Like many people earlier, I got pulled in by doing other tasks in the office. My entry was long enough ago that I was pulling credit reports over a Teletype terminal with a built-in 300 baud modem (note: not really a 'programming' task). Hey, look, he automated that job! Maybe he can do more stuff, too.

That was a while ago--but in my current position, it's not uncommon for people to be pulled into IT positions as subject matter experts with no previous programming or technical training. From there, it's possible to get pulled into more formal development if the person has interest and aptitude.

When I've scanned the corporate job market in my area a few times over the last X number of years, I've become aware of one large local corporation that won't hire programmers (however that's defined) without a related degree. The most common requirements read "degree or comparable experience". "Are your skills up to date?" can be a more relevant question than "What was your degree in?".

I'll note that the definition of "programming" can be different for different people. Colloquially, people may use a very broad definition that includes scripting, integration, report writing, administrative tasks that a more narrow definition might exclude. I think it's reasonable to expect that places that use the more narrow definition would care more about formal training/education.

(I'll also note that I have been on an interview committee to hire a developer where a person was eliminated because they sounded too formal, and wouldn't be a good fit for the group culturally. Yes, it can vary from place to place.)
posted by gimonca at 7:48 AM on March 28


I'm a developer at a Bay Area company- no CS degree or CS certification. I do have a degree in physics. I got this job because I'd written and distributed my own apps and had a reasonably large user-base. There's no better calling card than having apps out in the real-world that people are willing to pay for and use.
posted by jeffch at 10:48 AM on March 28


For a view from the other side, I've hired people as programmers who didn't have a CS degree but they did know the subject domain well and had relevant experience programming. In software development there are three key things always at play:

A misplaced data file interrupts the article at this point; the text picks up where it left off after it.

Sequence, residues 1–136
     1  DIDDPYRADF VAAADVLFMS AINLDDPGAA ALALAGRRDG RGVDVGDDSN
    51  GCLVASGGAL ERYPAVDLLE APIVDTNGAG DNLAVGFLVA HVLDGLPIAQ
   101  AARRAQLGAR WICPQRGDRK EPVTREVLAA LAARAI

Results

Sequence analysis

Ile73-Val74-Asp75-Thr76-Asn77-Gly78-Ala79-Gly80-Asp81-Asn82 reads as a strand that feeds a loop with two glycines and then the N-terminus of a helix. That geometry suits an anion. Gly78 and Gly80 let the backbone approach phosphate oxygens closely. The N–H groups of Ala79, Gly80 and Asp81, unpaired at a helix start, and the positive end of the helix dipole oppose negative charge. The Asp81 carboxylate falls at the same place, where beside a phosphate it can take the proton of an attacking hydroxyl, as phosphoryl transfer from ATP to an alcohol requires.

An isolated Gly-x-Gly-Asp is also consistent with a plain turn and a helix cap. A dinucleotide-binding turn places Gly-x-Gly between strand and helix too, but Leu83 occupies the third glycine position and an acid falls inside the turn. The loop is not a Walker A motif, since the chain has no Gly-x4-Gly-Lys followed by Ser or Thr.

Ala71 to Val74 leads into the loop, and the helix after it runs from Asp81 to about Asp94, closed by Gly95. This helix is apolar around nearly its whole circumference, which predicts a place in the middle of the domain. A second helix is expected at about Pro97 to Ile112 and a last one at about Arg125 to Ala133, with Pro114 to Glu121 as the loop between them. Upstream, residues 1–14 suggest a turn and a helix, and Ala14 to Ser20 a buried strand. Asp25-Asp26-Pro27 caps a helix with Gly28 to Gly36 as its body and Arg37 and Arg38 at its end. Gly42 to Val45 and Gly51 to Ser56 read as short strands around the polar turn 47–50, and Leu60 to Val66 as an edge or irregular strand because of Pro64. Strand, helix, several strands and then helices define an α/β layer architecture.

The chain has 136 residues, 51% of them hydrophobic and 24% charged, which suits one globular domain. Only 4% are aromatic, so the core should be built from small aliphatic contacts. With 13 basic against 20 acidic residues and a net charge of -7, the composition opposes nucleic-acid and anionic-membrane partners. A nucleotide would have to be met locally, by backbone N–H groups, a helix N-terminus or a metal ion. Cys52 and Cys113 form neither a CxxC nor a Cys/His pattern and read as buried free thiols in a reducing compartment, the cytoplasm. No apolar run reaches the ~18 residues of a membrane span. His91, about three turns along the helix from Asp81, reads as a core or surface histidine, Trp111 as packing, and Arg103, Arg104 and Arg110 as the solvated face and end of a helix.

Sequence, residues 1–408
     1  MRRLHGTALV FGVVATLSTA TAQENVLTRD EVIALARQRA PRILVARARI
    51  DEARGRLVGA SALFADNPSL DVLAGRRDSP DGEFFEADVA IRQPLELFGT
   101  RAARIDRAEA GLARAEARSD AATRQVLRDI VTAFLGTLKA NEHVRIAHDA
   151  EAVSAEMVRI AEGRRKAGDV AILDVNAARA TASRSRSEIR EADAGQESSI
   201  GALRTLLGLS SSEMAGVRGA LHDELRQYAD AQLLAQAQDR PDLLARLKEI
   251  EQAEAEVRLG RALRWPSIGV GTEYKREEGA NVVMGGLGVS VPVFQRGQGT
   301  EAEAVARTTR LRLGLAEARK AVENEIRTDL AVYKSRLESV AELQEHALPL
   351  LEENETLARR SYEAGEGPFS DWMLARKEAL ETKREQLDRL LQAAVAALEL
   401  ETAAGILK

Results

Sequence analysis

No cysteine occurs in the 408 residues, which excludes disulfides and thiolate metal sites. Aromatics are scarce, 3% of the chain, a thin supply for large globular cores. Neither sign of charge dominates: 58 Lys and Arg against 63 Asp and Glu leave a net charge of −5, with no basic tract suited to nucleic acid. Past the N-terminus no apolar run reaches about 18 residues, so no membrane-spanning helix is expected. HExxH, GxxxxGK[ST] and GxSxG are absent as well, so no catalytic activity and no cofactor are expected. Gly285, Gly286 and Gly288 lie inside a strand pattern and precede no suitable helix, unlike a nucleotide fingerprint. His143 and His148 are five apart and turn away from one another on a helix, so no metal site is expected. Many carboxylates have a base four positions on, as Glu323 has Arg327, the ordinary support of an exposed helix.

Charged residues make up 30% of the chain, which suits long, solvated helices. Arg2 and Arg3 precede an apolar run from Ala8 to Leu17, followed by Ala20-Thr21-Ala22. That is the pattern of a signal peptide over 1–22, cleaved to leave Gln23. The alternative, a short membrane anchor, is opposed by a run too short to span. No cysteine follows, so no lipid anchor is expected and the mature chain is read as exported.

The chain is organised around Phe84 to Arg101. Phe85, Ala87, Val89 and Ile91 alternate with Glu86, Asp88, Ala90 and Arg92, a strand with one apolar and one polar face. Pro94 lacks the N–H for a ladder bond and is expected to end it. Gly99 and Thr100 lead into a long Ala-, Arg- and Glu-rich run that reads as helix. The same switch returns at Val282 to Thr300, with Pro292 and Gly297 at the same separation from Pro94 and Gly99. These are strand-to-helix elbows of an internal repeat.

1) The technology. This is what we think of first. This is the knowledge of programming, data structures and the experience to make stuff.
2) The subject. Unless your business involves building tools for programmers, your programmer doesn't know your subject domain.
3) Communication. The language of #1 and #2 are different, so you need to translate between them.

Unless you have some deep technical challenges (scaling, high availability, security, etc) then I think in many times people are better off hiring people who are strong in #2. If you have a subject domain that lends itself to being easily understood or explained (I'll tell you when/if I ever find one) then weight on #1 makes sense.

My point is that if you think about the subjects you know well and lead with that foot you may be surprised to find how agreeable hiring managers are to you not having a formal CS degree.
posted by dgran at 11:54 AM on March 28


I started in 1998 in entry level tech support for a specific product line. I moved into QA (while getting my AAS in software development), then eventually moved into development (almost finished with my BS in software development).

So, 15 years at the same company is a pretty good way to go, if you can find that :)
posted by getawaysticks at 12:38 PM on March 28


Find a small software company that does something related to what you are trained in. They will often need all-hands-on-deck, so you'll end up learning programming.
posted by freezer cake at 1:50 PM on March 28 [2 favorites]


I'm here to to echo CathyG and freezer cake. Becoming a super user of an application is a really great way to dive in informally. A lot of applications have a ton of add-ons developed by third parties (or companies that do consulting and custom work for those applications), and those are often smaller companies that can take advantage of your subject matter expertise and help develop your programming knowledge.

I did exactly that, and I now spend my days buried in consulting opportunities and custom development projects for the original application I mastered, as well as another application that integrates with it. If you've got the business side nailed down, and you've got the aptitude for the technical side, you're in a great position. Anyone who's inclined can learn a good deal about programming, but learning when/how/why to do it to meet business objectives is really critical.

Oh, I also have no degree (not just a non-CS degree, but NO degree). Good luck!
posted by nobejen at 8:22 PM on March 28